Restoring landscapes across the Mount Alexander Region

Bird of the month: Yellow-tufted Honeyeater

Posted on 24 January, 2022 by Ivan

Welcome to our twenty-first Bird of the month, a partnership between Connecting Country and BirdLife Castlemaine District. Each month we’re taking a close look at one special local bird species. We’re excited to join forces to deliver you a different bird each month, seasonally adjusted, and welcome suggestions from the community. We are lucky to have the brilliant Damian Kelly share his writing and photographs with us this month, with assistance from the talented and charismatic Jane Rusden from BirdLife Castlemaine District. 

Yellow-tufted Honeyeater (Lichenostomus melanops)

The effects of El Nina are very evident this year, with bird species populations increasing in line with their food sources. However moist gullies always play a significant role in the often dry Central Victorian Box-Ironbark forest due to higher nutrient and moisture levels, which means more food for wildlife. Birds such as the Yellow-tufted Honeyeater prefer these more productive gullies, particularly at drier times of the year, moving relatively short distances in response to food availability.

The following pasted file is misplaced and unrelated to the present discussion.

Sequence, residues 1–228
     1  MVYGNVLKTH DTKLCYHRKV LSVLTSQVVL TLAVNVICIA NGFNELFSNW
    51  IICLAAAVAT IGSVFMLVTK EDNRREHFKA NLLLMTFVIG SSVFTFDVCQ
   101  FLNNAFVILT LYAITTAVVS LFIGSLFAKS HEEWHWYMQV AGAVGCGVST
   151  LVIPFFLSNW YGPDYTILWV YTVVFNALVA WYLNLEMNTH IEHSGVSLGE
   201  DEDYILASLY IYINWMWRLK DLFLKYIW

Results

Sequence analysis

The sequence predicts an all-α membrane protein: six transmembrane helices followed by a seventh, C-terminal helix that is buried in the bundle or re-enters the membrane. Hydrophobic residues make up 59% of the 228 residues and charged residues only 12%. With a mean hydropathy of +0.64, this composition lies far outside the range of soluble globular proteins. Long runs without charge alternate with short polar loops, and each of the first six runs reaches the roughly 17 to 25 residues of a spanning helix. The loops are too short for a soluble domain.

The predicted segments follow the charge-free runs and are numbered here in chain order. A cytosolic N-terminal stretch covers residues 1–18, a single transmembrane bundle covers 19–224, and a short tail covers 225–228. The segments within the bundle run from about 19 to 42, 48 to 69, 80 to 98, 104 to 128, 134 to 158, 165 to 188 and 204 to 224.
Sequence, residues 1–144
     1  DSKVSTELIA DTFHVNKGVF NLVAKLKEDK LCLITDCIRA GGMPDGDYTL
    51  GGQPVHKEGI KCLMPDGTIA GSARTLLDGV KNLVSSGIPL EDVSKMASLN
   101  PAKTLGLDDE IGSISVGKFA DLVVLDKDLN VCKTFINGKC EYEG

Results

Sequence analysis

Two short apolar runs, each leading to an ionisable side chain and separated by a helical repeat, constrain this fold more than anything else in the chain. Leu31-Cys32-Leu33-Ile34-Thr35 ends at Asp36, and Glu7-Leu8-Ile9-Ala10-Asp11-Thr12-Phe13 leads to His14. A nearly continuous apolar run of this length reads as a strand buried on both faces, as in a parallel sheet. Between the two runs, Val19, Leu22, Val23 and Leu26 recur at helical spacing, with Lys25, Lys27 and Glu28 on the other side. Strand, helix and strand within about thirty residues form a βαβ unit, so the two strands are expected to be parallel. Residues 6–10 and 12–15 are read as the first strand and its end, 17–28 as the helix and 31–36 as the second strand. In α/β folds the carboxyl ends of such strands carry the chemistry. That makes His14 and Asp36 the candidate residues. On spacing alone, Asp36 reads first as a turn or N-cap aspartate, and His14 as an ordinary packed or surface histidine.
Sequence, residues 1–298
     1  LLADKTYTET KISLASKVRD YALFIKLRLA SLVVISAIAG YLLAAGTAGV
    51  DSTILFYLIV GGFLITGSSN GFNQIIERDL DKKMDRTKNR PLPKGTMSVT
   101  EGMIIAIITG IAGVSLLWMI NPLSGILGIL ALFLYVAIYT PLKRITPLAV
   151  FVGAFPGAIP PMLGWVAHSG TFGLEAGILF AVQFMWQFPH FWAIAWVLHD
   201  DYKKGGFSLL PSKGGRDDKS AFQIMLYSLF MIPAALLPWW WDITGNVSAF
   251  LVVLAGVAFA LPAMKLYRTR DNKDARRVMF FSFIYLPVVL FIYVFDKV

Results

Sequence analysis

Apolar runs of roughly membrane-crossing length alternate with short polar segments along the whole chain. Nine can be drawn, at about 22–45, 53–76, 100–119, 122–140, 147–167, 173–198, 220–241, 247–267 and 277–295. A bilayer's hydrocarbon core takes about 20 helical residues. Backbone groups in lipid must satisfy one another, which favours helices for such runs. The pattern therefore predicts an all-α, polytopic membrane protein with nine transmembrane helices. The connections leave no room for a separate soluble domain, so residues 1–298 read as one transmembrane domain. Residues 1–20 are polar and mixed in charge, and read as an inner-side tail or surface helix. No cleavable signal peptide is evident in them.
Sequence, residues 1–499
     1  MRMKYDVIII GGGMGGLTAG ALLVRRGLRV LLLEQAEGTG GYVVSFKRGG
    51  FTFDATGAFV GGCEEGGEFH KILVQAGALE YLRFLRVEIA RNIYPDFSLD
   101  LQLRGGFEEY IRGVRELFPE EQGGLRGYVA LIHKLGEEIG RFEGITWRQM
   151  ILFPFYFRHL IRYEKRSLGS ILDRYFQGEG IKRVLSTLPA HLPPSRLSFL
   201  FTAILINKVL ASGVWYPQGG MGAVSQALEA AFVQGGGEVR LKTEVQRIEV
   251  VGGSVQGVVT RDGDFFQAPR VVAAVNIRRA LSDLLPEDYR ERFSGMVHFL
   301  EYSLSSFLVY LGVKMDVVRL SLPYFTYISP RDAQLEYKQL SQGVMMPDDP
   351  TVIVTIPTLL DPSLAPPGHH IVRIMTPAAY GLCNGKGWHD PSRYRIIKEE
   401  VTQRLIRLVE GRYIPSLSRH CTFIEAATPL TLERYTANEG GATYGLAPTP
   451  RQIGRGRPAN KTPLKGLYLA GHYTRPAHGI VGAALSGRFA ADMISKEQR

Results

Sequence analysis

Yellow-tufted Honeyeaters usually forage in the canopy, plucking insects and other invertebrates from among the foliage, or taking the sugary manna that oozes from the branches (photo by Damian Kelly)


Chris Tzaros’s excellent book ‘Wildlife of the Box-Ironbark Country’ describes how Yellow-tufted  Honeyeaters use both the canopy and the shrub layers of Box-Ironbark forest. Insects are gleaned from canopy foliage, bark and tree trunks, or sallied after and taken from the air. Trees are also used to forage for lerp, manna, honeydew and nectar, which is also consumed from mid and low story shrubs such as heath including Cat’s Claw Grevillea.

Nesting sites are found often quite close to the ground in species such as Gold-dust Wattle and Drooping Cassinia. I’ve seen nests hanging hidden in low hanging Box leaves and low shrubs in Rise and Shine Bushland Reserve (Sandon VIC), where they are quite abundant. The nests are suspended cups woven from grass, bark, wool or moss, and spiders’ web. Two or three eggs are laid, but on occasion, they can be parasitised by Fan-tailed, Pallid and Shining-Bronze Cuckoos.

The Yellow-tufted Honeyeater is much brighter and more conspicuous than other honeyeaters that inhabit our region (photo by Damian Kelly)


To hear the call of a Yellow-tufted Honeyeater, please – click here

Damian Kelly
Jane Rusden
BirdLife Castlemaine District

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